53. Nyah's mom says

    I want to thank you for your prompt answer. I will be calling the EI program in my state tomorrow to schedule an appointment for her. I will definitely keep you updated on her progress. Happy Holidays!
    Nyah’s mom

  54. Amanda says

    Hi, my son just turned 4 in November. When he was about 18 months he had some echolalia but his spontaneous speech outweighed the echolalia. The echolalia decreased significantly around 2 when he was putting together sentences. At about 2.5 he started repeating the ends of words like cars-ars-ars or truck-k-k. This went on for a couple of months after which his articulation improved immensely. Then around 3 he started again but started to repeat his last word or sentence in a softer voice. Once again it subsided but came back at about 3.5. So it appears to come and go about every 6 months. He has lots of spontaneous speech, does well in preschool, developmentally on track…so I just don’t get it?? I would say it is < 15% of his speech. Is this a form of stuttering, echolalia, palilalia? I have a hearing screening set up, and will be setting an appt with the SLP in a month. Is it possible he is just trying to say it better?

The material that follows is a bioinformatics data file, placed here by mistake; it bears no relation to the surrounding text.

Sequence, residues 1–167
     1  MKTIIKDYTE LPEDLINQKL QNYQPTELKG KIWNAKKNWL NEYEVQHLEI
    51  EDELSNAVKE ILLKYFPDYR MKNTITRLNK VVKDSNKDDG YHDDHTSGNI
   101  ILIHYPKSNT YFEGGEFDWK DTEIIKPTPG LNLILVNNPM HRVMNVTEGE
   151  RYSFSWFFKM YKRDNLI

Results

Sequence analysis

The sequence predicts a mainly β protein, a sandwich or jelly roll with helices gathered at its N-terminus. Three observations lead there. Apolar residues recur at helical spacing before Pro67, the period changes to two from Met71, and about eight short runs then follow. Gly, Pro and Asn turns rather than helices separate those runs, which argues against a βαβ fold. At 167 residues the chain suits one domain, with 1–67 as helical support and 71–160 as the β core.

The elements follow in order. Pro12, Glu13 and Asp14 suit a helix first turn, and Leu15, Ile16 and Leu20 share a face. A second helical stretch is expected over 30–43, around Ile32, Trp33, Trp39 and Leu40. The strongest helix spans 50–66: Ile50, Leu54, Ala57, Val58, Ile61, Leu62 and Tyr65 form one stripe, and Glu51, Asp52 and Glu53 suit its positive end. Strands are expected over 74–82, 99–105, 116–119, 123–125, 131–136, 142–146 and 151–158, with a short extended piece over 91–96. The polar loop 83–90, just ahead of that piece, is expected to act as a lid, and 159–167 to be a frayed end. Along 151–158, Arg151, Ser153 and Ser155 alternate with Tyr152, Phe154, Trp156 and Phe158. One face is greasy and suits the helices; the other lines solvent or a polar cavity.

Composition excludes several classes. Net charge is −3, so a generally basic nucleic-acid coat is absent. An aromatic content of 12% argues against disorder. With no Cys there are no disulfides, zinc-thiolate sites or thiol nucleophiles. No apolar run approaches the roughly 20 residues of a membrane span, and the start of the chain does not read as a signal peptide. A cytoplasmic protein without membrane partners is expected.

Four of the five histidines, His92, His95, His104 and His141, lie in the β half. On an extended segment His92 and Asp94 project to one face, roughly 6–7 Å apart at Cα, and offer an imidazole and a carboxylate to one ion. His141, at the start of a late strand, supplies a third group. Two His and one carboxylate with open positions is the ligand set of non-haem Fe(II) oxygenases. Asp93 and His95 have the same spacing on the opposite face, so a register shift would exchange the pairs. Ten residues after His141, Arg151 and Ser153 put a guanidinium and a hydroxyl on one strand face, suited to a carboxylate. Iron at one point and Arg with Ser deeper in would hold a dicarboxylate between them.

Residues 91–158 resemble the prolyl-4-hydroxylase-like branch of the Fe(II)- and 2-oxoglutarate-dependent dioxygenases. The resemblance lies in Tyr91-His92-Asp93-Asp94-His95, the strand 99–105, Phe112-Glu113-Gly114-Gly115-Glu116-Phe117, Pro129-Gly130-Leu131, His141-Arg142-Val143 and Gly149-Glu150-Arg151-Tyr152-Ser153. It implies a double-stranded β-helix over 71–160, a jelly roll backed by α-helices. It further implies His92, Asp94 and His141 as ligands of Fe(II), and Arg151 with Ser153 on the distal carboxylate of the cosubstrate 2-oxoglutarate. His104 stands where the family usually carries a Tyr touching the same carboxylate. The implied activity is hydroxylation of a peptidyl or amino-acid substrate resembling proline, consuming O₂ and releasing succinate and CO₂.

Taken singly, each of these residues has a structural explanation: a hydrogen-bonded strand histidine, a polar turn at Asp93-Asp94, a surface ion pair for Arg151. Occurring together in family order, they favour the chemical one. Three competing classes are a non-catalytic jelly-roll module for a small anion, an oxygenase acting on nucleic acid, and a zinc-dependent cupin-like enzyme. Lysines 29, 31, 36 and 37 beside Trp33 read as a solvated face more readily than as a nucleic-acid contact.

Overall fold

55. Laura says

    Amanda – Thanks for your question. I’m so glad you’re seeing an SLP for him. The way you’re describing how he repeats words is really an atypical pattern, so it is much better if someone can meet with you and see him in person to help you sort all of this out. When children are dysfluent, they usually repeat the beginnings of words, not the endings. When children are echolalic they tend to repeat the last word/s the hear or have heard others say and not their own utterances. So what you’re reporting does sound more like palilalia which as I’m sure you know, is the repetition of your own spoken words.